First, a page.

And although it’s normal to feel disappointment or sadness about the attitudes of children, the important thing is to act with love and respect so that they’re not repeated. Don’t create a hostile and discouraging climate that only generates a wall of resentment between the two. As parents, we must prioritize dialogue, patience, and forgiveness to create future good adults.

If your child makes a mistake, teach them the consequences of their lack of limits

Children don’t yet have all the knowledge and learning they need to know how to manage their feelings in an intelligent way. Because of this, when you notice a behavior that’s wrong in them, it’s essential that you have empathy and consideration when explaining it to them.

All our decisions come with good or bad consequences. And, because of this, it’s very important to establish limits and rules at home so that children know how they should act. So, respectfully, you should ask yourself the possible causes of this behavior and talk calmly to reflect on the situation.

For example, if you noticed that your child made fun of a classmate, use positive listening and dialogue to understand their reasons. Ask How you would feel if someone made fun of the way you look, or Why do you hurt another child’s feelings with your words? These types of questions give them the chance to empathize with others and put themselves in their shoes, and also allow them to be aware of their mistakes and know that they can’t overstep certain boundaries.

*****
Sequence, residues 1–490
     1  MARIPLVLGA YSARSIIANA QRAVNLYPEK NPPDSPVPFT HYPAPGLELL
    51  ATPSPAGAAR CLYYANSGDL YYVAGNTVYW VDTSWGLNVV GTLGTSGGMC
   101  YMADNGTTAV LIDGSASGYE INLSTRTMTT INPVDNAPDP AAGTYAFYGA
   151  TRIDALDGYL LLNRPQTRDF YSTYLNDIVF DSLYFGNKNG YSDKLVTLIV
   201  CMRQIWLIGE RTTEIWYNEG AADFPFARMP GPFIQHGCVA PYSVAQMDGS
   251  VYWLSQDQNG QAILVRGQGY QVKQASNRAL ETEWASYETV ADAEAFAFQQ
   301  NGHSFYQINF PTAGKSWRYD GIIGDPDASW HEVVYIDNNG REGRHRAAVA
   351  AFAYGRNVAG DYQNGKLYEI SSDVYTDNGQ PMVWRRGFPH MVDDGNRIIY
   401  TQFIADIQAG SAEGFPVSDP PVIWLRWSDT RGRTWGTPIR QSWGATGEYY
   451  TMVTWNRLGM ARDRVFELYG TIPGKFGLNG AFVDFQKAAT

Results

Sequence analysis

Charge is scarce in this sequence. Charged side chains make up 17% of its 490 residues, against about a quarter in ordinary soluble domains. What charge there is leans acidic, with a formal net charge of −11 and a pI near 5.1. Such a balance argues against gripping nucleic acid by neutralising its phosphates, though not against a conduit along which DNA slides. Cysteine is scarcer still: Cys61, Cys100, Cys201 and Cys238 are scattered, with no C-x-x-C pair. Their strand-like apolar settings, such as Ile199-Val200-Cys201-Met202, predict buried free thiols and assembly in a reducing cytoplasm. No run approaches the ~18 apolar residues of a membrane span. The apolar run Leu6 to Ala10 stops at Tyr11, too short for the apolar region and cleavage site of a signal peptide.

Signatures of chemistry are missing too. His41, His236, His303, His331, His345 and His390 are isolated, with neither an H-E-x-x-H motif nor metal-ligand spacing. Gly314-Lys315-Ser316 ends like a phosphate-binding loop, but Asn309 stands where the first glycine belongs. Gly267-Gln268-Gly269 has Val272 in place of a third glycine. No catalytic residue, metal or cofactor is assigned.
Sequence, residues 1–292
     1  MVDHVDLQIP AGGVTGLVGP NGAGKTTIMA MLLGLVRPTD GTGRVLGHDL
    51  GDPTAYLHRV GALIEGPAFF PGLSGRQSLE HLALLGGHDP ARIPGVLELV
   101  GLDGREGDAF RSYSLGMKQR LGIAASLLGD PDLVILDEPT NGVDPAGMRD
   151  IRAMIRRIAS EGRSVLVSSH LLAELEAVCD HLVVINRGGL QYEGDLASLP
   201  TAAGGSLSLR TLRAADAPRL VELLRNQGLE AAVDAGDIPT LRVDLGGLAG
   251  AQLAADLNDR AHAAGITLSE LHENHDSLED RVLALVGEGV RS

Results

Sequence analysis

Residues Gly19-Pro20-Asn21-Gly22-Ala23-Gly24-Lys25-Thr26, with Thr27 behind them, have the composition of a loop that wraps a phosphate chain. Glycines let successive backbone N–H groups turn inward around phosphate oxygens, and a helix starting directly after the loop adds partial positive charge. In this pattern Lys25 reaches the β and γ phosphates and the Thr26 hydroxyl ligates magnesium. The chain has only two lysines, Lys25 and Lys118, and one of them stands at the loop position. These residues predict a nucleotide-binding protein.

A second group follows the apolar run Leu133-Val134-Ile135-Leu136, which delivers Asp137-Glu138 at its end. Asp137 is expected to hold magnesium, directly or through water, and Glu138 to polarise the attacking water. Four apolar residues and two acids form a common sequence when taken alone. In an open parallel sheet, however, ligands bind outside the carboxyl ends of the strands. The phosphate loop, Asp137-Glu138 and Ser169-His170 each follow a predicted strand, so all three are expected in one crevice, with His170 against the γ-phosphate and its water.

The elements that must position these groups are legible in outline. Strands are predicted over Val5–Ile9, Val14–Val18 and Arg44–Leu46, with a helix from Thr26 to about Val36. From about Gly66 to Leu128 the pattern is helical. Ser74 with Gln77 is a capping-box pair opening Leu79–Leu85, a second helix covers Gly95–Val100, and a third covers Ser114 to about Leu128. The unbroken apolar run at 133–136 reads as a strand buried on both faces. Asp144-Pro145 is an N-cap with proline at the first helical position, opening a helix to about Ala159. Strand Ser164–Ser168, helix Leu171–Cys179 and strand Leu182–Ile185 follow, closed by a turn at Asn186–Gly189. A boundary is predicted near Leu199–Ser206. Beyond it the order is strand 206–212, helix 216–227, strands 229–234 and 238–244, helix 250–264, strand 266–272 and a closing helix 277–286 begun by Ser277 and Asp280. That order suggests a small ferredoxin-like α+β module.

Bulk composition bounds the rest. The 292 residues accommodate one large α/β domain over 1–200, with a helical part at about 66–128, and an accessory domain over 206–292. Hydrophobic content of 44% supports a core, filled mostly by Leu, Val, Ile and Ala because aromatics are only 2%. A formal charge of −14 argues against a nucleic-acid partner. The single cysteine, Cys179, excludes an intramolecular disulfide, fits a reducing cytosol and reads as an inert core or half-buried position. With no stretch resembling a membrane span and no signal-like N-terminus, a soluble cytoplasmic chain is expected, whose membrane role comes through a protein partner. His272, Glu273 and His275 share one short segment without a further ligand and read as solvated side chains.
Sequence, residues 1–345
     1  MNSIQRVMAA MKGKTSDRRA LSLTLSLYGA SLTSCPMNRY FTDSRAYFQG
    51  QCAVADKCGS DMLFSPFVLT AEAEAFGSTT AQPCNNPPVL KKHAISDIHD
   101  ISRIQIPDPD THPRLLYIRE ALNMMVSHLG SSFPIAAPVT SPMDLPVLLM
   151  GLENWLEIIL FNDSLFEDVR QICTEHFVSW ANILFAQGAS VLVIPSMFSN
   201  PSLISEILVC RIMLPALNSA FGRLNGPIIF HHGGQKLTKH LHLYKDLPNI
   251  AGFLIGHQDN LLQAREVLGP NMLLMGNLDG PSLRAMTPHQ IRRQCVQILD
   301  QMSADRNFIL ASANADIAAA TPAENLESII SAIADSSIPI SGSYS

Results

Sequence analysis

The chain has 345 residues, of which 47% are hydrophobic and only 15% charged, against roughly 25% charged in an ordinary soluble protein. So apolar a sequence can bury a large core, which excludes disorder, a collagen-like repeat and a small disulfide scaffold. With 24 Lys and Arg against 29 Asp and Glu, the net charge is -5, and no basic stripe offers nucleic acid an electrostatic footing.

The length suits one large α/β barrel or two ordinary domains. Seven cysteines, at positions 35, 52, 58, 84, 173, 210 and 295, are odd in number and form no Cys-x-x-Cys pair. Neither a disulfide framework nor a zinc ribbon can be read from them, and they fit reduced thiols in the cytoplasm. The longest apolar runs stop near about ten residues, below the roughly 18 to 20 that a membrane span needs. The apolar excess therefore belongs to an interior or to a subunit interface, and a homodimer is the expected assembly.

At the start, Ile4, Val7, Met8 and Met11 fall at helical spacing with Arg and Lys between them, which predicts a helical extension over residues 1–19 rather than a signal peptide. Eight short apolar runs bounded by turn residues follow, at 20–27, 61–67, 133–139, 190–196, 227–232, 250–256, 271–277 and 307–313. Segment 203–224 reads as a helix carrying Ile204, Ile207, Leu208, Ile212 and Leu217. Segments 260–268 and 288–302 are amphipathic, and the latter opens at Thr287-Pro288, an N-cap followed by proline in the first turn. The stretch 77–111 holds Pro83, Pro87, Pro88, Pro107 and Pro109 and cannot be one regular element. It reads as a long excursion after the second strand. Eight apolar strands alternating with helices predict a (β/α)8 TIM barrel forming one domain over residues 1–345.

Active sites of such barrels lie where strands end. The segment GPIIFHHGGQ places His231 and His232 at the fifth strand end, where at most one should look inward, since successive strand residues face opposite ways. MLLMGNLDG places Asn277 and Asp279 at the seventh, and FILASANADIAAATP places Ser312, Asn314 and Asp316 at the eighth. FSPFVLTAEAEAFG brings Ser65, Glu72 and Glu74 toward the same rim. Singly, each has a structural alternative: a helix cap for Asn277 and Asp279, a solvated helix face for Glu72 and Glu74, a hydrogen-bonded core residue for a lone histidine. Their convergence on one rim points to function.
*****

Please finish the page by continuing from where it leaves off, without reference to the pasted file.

Don’t dwell on your children’s mistakes, but do focus on improving

Words said without thinking may seem very accurate when correcting little ones for their mistakes. However, they’re nothing more than unintelligent emotional reactions to the surprise of the moment. So, focus on being a teacher and guide so that your children can understand their faults and know how to make amends.

For example, using the previous example, if your child made fun of a classmate, it’s essential that you first teach them to identify where the disrespect came from, and second, you must motivate him to apologize to the other child and commit to not hurting the feelings of others again.

In conclusion, using effective communication with children is a very beneficial tool to approach them with empathy and respect at all times. In this way, when they’ve made a mistake for some reason, we can speak to them with authority so that they take responsibility for their actions. This is so that in the future, they’ll be more empathetic, responsible, and humble adults.

All cited sources were thoroughly reviewed by our team to ensure their quality, reliability, currency, and validity. The bibliography of this article was considered reliable and of academic or scientific accuracy.

This text is provided for informational purposes only and does not replace consultation with a professional. If in doubt, consult your specialist.